“Leading from the front is part of being a good LGBTQ+ ally”
“There are still many people who think that being open and transparent about your sexuality is too uncomfortable, that Pride and its celebrations are merely an extension of this, as well as being a waste of company funds and resources.”
Those words are from Lisa Charlwood-Green, Network Rail’s Diversity and Inclusion Champion of the year.
An inspirational speaker on LGBTQ+ rights, Lisa is founder and director of The Wow Network.
Formed just over six years ago, The Wow Network supports LGBTQ+ women who are either out, or thinking about coming out at work,
Lisa has worked in a variety of construction roles over the last 15 years. She says that while being more open and authentic at work is encouraged like never before, there is still a great deal of work to do on diversity and inclusion.
As Pride 2023 ends, we spoke to Lisa on how to improve the working lives of construction’s LGBTQ+ community.
What advice would you give to LGBTQ+ individuals considering a construction career?
I’d say the career opportunities are endless. Don’t discount it as just being “boots on ballast” or HR and admin jobs. It doesn’t matter what your skillset or experience is, there is a role for you.
Can you share any positive experiences of being a member of an LGBTQ+ member in the construction industry?
Positive ones? That’s an interesting question!
There are two things about me now. I’m older, so I care less. I’m in a position of power so I don’t hear so much negativity and microaggressions (Lisa is Network Rail’s Head of Organisational Development and Culture). Yes, things have improved, but there’s so much more to do.
A lot of people feel more comfortable being out at work so that’s a real plus. I’ve never hidden who I was, it’s not in my nature even when it was incredibly difficult.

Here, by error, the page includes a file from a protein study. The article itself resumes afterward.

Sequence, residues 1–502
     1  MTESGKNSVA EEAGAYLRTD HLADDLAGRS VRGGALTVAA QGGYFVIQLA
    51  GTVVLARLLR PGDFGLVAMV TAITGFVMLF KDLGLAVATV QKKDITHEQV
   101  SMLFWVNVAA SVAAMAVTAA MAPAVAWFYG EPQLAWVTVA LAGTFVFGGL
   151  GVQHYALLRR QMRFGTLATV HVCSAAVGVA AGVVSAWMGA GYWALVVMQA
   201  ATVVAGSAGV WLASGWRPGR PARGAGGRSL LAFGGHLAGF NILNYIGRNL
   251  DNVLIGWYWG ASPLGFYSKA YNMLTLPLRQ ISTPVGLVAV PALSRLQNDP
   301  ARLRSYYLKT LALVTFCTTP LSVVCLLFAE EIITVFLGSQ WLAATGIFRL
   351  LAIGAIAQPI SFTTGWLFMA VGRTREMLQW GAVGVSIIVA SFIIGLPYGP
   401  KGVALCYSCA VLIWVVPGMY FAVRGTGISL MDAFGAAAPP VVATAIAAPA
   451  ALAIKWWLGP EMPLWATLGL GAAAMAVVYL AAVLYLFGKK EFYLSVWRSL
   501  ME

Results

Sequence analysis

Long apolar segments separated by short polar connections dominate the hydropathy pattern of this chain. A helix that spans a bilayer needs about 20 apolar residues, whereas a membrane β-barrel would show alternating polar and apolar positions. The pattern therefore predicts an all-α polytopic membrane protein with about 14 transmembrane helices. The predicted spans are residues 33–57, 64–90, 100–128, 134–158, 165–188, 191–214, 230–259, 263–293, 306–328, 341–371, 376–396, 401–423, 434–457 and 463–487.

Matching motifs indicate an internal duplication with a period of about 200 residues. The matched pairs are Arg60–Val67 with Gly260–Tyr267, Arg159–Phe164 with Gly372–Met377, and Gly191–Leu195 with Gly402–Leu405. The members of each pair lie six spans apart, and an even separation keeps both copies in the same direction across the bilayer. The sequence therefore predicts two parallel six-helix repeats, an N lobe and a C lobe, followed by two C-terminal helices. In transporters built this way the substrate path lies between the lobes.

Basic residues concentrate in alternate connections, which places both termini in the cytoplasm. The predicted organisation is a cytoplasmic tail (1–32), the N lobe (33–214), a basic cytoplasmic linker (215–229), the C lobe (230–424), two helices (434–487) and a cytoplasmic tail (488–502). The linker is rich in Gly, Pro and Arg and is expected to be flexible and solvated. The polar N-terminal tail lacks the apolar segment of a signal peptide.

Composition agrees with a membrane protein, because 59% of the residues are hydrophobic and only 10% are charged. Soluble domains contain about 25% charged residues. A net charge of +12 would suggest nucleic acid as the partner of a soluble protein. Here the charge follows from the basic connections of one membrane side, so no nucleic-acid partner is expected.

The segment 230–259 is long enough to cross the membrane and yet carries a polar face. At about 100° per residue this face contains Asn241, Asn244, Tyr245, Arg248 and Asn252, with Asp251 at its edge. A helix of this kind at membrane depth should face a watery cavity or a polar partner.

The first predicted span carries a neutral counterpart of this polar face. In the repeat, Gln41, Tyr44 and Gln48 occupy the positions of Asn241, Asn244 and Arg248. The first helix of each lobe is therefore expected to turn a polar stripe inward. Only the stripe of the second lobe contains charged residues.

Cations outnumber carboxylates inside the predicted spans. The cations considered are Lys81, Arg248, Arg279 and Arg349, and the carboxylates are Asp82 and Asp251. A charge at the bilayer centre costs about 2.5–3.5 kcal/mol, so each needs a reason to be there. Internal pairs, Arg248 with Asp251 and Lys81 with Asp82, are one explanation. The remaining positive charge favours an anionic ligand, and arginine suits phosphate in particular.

Have you ever had a mentor or someone to confide in during the difficult times?
I never felt comfortable to confide in anyone at work – it wasn’t a safe place for me. My only mentor, up until a few years ago, was my grandmother, Stella. She was widowed young, started up a charity, volunteered her whole adult life and took care of my uncle who has Downs syndrome – she was a warrior. When I lost her, I lost everything. It was a very difficult time, and I have had to become more self-resilient, as well as start to trust more people, which has been hard – when you feel different you don’t want to open up and be even more vulnerable. I have a coach now, not in the LGBTQ+ community, but he’s very good at challenging me.
I was in one job, for almost a decade, where I was the only out person in an office of 500 people. That took its toll. No one asked about my weekends the entire time I was there. It’s not the same as having horrible words spoken to you, but it’s still bullying, being non-inclusive.
I was the subject of malicious gossip for a long time in that job. I remember being in the toilets once, in a cubicle, when two people came in and started talking about me. I waited until long after they left. It was incredibly difficult to come to work and smile.